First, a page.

This is an exciting time and final chapter of your criminal justice undergraduate journey. The only thing that stands between you and graduation is your final capstone project/paper.
Selecting a Topic
Hopefully you have done some pre-planning before the class and have a general idea or topic you wish to study further.
One of the factors to consider and this is a critical piece to a successful capstone project is to make sure that the topic you select has a good amount of current peer-reviewed literature to support your capstone project. This means at least twenty (20) current (less than five years from publishing) peer-reviewed journal articles that you will need within your paper.
The capstone project is not the time for the passionate and eager student to reinvent the wheel and research and write on a current trend or problem within criminal justice that does not have current research to support your analysis. As much as you might be tempted to research and write on a current trend, unless there is enough supporting academic evidence from credible peer-reviewed journal articles then do not select this topic for the capstone project.
After graduation you can explore topics that need current research and add to the criminal justice pool of knowledge; however, now is not that time. The goal of the capstone project is to demonstrate original critical thinking and synthesizing scholarly literature into the content and direction of your paper.
The capstone project is most likely the largest academic paper you have attempted to write. Do not be intimidated by the length of the project.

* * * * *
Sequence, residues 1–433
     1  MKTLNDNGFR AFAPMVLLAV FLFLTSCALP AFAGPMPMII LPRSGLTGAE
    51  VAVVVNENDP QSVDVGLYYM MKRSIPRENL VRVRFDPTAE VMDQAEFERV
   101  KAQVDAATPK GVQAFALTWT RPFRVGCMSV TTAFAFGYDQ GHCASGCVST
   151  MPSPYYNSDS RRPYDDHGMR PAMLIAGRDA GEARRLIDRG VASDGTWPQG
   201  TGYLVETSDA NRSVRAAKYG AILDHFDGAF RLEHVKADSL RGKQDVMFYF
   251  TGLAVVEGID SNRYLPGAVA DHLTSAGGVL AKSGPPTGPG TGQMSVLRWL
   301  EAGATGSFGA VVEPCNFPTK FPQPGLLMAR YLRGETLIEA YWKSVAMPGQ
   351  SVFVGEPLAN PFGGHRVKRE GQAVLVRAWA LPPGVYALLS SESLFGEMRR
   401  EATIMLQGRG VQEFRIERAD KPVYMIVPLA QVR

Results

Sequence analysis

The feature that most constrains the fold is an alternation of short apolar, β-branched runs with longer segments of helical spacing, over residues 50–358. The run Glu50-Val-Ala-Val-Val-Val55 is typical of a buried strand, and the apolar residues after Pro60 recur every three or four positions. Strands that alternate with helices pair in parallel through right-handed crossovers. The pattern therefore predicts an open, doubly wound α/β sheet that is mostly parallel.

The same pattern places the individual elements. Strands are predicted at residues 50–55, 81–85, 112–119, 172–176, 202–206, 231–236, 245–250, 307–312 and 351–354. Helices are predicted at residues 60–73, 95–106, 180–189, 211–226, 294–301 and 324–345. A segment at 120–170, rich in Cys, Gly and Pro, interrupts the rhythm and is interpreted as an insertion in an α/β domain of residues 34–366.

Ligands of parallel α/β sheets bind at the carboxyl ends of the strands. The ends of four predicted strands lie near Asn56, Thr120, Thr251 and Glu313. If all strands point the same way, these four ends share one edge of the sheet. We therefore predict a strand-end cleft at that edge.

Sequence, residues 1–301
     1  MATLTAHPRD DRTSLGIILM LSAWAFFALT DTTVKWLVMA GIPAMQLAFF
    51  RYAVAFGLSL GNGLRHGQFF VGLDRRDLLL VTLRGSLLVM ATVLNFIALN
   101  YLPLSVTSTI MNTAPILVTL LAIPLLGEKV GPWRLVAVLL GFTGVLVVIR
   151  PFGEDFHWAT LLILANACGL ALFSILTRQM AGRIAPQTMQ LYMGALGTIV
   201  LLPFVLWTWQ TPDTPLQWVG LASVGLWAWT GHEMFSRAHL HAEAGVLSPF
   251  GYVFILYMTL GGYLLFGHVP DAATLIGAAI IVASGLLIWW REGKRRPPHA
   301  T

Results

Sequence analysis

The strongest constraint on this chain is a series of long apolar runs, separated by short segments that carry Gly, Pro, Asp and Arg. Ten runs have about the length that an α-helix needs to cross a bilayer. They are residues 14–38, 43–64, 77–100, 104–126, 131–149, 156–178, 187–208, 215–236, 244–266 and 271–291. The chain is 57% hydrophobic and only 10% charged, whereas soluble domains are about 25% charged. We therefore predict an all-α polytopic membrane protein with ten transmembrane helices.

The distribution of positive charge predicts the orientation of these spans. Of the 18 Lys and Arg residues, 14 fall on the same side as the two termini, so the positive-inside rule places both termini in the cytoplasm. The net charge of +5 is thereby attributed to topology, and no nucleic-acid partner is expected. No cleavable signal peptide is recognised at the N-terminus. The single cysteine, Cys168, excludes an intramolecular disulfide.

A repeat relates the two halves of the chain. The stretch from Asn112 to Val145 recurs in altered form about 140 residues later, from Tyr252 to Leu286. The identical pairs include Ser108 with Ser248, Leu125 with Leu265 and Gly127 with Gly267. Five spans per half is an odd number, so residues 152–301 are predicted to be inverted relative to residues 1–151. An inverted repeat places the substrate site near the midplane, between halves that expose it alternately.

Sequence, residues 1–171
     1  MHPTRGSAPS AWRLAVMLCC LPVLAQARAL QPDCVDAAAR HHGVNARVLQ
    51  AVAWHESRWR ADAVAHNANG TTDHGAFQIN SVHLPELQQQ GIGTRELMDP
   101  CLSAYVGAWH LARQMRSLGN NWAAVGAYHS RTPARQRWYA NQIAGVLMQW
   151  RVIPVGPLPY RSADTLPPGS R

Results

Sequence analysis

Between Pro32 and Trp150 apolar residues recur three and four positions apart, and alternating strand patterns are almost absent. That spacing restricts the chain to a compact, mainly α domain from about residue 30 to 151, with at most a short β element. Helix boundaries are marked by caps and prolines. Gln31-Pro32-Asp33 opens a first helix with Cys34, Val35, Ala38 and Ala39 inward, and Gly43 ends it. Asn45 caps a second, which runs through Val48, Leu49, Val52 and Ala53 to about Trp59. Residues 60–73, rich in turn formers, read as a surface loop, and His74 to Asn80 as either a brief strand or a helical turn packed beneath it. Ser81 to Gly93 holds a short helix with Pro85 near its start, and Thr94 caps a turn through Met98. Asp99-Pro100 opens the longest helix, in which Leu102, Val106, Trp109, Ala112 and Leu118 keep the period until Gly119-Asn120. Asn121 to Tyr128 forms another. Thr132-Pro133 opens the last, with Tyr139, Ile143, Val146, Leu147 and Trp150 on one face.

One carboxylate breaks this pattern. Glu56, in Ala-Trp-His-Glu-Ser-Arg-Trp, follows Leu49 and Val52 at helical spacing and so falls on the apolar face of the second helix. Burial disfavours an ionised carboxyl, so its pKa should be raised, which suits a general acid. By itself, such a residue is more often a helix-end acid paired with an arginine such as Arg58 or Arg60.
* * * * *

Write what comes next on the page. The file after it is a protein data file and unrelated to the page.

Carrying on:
Start with selecting a topic. Redefine the topic so that it is narrow in focus and avoid broad topics that will hamper your ability to demonstrate command of the content. Once you have the area of interest you wish to focus on start your literature search for current peer-reviewed journal articles. What type of studies are the researchers/scholars reporting? What are their findings and recommendations? By answering these questions, you can define your topic and title of your capstone project.
The capstone project will take effort and planning. Time management skills are critical to produce a product on time that meets or exceeds the project instructions and expectations.
As you find articles that are helpful and you can use, start building your reference list and saving the articles for additional evaluation as you work on your draft.
Create an outline of what you want the communicate and accomplish.
Editing your work and being a mature scholar to accept critical feedback is part of the process. Stay away from asking questions in your work. You are not conducting research and have no way of answering research questions. Use the scholarly literature to structure your paper and add credible to your analysis.
The capstone project is designed to be an intensive writing project and you must bring all the academic skills that you have learned throughout your studies.
Stay positive, submit your best work because this represents you as a scholar, and stay focused on the big picture of finishing your criminal justice undergraduate studies.
Good luck! I have the confidence you can hit the capstone project out of the park.
About the Author
Mark Bond has worked in law enforcement and has been a firearms instructor for more than 33 years. His law enforcement experience includes the military, local, state and federal levels as a police officer and criminal investigator. Mark obtained a BS and MS in criminal justice, and M.Ed in educational leadership with Summa Cum Laude honors. Mark has a doctoral degree in education (EdD) with a concentration in college teaching and learning. Mark is currently an associate professor of criminal justice at a university and adjunct professor of administration of justice studies at a community college.